I highly recommend this Sony Quick Batter Charger, which is the bestselling charger on for good reason. I've been using mine for over two years and love it. It comes with four Sony 2500 mAh AA Rechargeable Ni-MH Batteries and is an absolute steal at around 20 bucks, especially considering the price of disposable batteries these days. I'm still using the original batteries that came with the charger, along with a few four-packs of extra batteries I bought so that I always have four spares charged and ready to go in my digital camera, as well as enough for other things like flashlights. I use my camera several times a day, pretty much every day, and these batteries will last for several weeks. You can also charge AAA Ni-MH batteries with the Sony charger.

So the next time your batteries run out of power, I urge you to consider investing in some rechargeable ones. You'll be easing the strain on your wallet, the environment, and that poor guy answering the battery help hotline. Plus no accelerants required.

And if your own batteries could use a little recharging, I suggest a warm bowl of this deliciously simple broccoli soup. It tastes so good it's easy to forget how good it is for you.

Now if only you could plug in the empty pot and have it automatically refill itself.

Soup's On!

Easy Broccoli Onion Garbanzo Bean Soup

Loaded with onions, garlic, broccoli, and garbanzo beans - which are some of the World's Healthiest Foods - this cozy soup packs a powerhouse of nutrients. It's broccoli season right now, so you should have no trouble finding bunches that are both flavorful and inexpensive. In cooler climates, start looking for freshly harvested, organically grown broccoli at farmers' markets in the coming weeks.

I used to thicken my broccoli soup with a few tablespoons of uncooked rice, but one day I tossed a can of organic garbanzo beans (also called chickpeas, and one of my favorite foods) into the pot instead. I got the thickness I wanted along with more flavor, more fiber, and more protein.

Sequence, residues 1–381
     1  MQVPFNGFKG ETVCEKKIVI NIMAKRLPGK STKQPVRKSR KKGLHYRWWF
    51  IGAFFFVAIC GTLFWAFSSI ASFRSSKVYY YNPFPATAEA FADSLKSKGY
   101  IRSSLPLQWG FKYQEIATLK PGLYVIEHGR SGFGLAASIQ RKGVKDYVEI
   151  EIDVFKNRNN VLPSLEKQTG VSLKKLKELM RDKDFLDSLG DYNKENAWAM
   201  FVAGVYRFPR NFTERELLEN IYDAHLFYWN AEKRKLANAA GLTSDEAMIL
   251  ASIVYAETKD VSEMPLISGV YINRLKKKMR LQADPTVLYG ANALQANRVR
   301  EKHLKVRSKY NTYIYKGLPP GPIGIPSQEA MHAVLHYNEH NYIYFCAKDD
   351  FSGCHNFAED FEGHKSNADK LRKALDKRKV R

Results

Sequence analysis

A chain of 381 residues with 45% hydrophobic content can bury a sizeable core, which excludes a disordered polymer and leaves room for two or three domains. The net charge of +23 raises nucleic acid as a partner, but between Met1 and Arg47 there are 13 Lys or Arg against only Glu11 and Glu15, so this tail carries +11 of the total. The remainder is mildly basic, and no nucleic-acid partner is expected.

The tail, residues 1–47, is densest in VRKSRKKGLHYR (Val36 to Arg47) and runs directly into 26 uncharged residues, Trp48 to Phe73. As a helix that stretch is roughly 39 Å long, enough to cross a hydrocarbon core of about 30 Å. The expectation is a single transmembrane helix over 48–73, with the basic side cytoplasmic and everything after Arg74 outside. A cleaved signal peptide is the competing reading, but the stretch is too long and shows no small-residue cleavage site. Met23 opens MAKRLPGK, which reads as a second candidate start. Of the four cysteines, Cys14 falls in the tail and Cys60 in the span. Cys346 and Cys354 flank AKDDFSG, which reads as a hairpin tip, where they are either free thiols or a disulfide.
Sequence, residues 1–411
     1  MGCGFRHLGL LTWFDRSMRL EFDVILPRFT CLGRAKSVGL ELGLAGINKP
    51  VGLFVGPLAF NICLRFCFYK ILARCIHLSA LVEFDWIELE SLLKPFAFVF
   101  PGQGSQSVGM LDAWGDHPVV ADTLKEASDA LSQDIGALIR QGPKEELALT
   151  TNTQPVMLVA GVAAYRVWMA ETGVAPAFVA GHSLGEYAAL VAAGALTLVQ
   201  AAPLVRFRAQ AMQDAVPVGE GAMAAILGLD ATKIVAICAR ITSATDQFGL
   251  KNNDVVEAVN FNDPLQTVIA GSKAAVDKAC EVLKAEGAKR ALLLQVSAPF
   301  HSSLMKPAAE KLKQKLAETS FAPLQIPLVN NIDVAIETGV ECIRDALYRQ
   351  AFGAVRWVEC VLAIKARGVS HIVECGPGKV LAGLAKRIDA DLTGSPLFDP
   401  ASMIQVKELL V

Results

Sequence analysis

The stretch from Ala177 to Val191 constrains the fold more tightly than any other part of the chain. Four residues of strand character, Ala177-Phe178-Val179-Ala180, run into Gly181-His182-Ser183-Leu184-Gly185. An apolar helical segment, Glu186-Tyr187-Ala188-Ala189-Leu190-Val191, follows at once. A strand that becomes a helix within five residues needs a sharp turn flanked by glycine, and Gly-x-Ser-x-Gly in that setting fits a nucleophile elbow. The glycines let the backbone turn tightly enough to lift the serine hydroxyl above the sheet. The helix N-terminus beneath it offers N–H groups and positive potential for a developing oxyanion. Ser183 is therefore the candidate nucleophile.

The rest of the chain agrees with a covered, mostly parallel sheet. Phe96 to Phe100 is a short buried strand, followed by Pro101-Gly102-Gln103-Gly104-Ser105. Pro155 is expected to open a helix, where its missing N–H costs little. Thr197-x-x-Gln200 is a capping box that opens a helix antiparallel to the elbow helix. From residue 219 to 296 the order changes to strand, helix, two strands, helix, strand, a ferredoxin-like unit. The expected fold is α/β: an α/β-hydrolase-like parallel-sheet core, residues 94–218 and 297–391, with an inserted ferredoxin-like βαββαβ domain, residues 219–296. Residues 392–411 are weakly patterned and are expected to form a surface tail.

Cans of organic beans are versatile pantry staples and can often be found for the bargain price of about a dollar apiece, or even less when they're on sale. Some stores such as Whole Foods will give you a case discount if you stock up and buy 12 cans at a time.

I like my soups thick and almost sludgy; simply add more chicken stock if you prefer yours thinner. If you're feeling decadent or in need of a calcium boost, you can stir in a cup or two of some nice cream after blending. It'll make your soup taste positively dreamy, but it really isn't necessary.

As with most soups, this one tastes even better after lounging around for a day or two in the fridge. As always, I urge you to seek out local and organic ingredients whenever possible. They really do make a difference - in so many ways.

2 to 3 Tablespoons extra-virgin olive oil
3 pounds onions, coarsely chopped
6 large cloves of garlic, chopped
1 large bunch broccoli (about 1-1/2 pounds), stems (peeled if tough) and florets, coarsely chopped
1 can garbanzo beans, preferably organic, drained and rinsed
4 to 5 cups chicken stock, preferably homemade
Salt & pepper to taste

Heat olive oil in a large pot on medium heat, then add the onions. Stir to coat with oil, cover, and cook until onions are soft and starting to brown, stirring frequently, about 10 to 12 minutes.

Make a space in the center of the pot and add the garlic, stirring so it all touches the bottom of the pot. Cook, stirring, two minutes.

Add the broccoli, garbanzo beans, and chicken stock. The soup will look too thick; it is not. It's okay if the broccoli isn't all submerged in the chicken stock. Bring the soup to a boil, then simmer with the lid barely cracked until broccoli is tender, about 25 minutes.

Purée with an immersion blender (I can't say enough good things about - or imagine life without - my KitchenAid Hand Blender; it's probably the best $50 I've ever spent in the kitchen) or very carefully purée in batches in a countertop blender, then return to the pot and cook a few more minutes. Salt and pepper to taste.

Serve topped with whatever you like: chopped fresh chives, a drizzle of olive oil, some coarsely grated Pecorino Romano, a dollop of sour cream, a slice or two of sharp cheddar or Monterey Jack, some nice blue cheese crumbles, or absolutely nothing at all. Curl up in a cozy spot and devour, making sure to spend a few moments between slurps feeling grateful for the existence of something as wonderful and warming as a bowl of homemade soup.